Humans can have more empathy for dogs than their two-legged friends, a new study suggests.
The research, involving 256 undergraduates, examined whether people were more emotionally disturbed by reports of humans or dogs suffering abuse.
Participants in the study were given fictitious news reports about an unprovoked attack “with a baseball bat by an unknown assailant”.
“Arriving on the scene a few minutes after the attack, a police officer found that the victim had a broken leg, multiple lacerations and unconscious,” it said.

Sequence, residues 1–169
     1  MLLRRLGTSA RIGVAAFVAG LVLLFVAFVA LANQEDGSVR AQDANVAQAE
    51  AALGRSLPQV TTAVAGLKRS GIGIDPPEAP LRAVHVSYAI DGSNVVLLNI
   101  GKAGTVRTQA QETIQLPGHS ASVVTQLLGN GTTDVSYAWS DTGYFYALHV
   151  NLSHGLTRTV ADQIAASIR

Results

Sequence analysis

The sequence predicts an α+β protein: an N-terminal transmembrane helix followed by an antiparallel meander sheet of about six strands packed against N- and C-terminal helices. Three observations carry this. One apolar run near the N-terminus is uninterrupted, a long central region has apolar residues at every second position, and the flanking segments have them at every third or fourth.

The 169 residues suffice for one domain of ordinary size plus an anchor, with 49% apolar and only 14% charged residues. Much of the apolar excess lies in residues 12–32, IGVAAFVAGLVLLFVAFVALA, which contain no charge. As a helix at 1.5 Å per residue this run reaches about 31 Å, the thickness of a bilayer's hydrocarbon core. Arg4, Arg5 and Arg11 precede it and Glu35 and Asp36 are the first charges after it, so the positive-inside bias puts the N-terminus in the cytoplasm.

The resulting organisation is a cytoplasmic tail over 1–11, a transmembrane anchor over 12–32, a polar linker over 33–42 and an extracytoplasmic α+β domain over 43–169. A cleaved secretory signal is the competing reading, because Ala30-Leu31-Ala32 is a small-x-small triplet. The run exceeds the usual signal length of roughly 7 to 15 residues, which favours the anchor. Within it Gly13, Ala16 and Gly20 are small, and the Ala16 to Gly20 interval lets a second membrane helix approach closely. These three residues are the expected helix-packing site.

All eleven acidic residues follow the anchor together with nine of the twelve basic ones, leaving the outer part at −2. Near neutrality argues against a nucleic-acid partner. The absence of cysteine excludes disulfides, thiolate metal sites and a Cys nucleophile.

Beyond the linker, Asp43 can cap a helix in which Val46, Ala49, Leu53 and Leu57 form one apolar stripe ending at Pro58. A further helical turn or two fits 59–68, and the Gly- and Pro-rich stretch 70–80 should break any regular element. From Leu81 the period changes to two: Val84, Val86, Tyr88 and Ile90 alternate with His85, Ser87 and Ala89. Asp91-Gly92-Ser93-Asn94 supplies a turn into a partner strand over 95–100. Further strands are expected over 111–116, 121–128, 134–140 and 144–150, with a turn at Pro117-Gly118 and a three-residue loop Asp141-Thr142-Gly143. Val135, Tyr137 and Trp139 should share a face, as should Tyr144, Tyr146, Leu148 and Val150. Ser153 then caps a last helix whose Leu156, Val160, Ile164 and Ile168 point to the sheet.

Different versions of the report had the victim of the attack as either a one-year-old infant, a 30-year-old man, a puppy or an adult dog.
The students were then asked questions to indicate their degree of empathy for each of the victims.
“Respondents were significantly less distressed when adult humans were victimised, in comparison with human babies, puppies and adult dogs,” the researchers said.
“Only relative to the infant victim did the adult dog …